72% of the respondents in a recent survey identified API lifecycle management as a critical capability of API management solutions. The survey, that we conducted last week, included over 50 IT architects, developers and consultants. 80% of the survey respondents also said that they have either exposed APIs or are planning to do so in near future.
As a refresher from an earlier post – API Management Primer – I shared the three basic capabilities of an API management solution – API Portal, API Gateway, and API lifecycle management. When the audience was asked, “Which capabilities do you see as most critical for an API management solution?” (which allowed multiple choices) the responses were as follows:
- API Portal – 61%
- API Gateway – 61%
- API Lifecycle Management – 72%
Why do these IT leaders think that API lifecycle management is important? To understand this better, let’s consider the personas on either side of an API – the consumers and the providers.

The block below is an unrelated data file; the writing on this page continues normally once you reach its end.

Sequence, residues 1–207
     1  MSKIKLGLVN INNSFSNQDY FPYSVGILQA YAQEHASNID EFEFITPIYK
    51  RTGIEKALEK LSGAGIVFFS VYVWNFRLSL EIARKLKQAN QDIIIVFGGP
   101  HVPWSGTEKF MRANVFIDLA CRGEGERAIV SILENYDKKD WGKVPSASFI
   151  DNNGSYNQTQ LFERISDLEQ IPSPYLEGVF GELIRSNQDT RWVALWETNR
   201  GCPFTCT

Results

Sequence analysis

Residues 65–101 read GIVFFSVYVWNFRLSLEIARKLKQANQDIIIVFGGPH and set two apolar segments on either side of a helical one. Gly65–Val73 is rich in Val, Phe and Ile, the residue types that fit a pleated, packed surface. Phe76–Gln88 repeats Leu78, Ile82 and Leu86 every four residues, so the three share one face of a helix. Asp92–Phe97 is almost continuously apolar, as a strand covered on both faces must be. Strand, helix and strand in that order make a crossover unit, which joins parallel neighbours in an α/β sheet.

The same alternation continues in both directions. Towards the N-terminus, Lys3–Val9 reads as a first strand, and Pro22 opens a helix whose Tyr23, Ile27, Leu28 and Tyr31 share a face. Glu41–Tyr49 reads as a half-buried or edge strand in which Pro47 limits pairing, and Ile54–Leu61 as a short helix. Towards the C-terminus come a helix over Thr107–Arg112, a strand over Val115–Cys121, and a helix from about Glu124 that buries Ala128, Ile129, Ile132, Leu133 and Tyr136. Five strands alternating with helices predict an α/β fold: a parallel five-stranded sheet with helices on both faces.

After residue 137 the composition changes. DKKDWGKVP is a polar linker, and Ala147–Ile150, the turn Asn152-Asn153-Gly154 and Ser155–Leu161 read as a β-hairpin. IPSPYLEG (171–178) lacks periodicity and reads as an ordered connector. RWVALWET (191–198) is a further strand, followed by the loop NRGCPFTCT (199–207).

As an API consumer, say a client app developer you have concerns such as –
- Can version updates to the API break my application?
- Is my API provider meeting the promised service level agreements (SLA’s)?
- Is the API provider applying adequate resources to power the API reliably?
Whereas as an API provider, say the API product manager, may have concerns about –
- Is the API exposed useful and something that will be adopted as expected?
- Are we meeting our organization’s standards in terms of API quality?
- What is our versioning strategy? When do we retire our APIs?
- How do we make sure we understand the impact of changes before making them?
API lifecycle management helps API providers address these concerns for both themselves and also their customers i.e. the app developers. Without addressing the API Lifecycle, API providers will have problems attracting developers to adopt their APIs. In other words, API lifecycle management is critical to implementing a successful API strategy.
Okay, now here’s some food for thought. Of the respondents interested in implementing APIs, over 80% of them said that they are doing APIs for mostly internal use or for both internal and external use. Only 18% were implementing APIs exclusively for external use. How do you explain that? Share your thoughts by leaving a comment.